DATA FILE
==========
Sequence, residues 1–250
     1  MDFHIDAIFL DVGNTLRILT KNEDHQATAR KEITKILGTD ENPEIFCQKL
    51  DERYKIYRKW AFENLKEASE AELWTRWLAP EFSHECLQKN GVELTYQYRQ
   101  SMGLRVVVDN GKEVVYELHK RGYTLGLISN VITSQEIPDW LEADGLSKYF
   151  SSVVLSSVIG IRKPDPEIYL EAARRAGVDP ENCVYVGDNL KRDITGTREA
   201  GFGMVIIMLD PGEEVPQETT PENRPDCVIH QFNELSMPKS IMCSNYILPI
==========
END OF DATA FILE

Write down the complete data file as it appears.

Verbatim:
Sequence, residues 1–250
     1  MDFHIDAIFL DVGNTLRILT KNEDHQATAR KEITKILGTD ENPEIFCQKL
    51  DERYKIYRKW AFENLKEASE AELWTRWLAP EFSHECLQKN GVELTYQYRQ
   101  SMGLRVVVDN GKEVVYELHK RGYTLGLISN VITSQEIPDW LEADGLSKYF
   151  SSVVLSSVIG IRKPDPEIYL EAARRAGVDP ENCVYVGDNL KRDITGTREA
   201  GFGMVIIMLD PGEEVPQETT PENRPDCVIH QFNELSMPKS IMCSNYILPI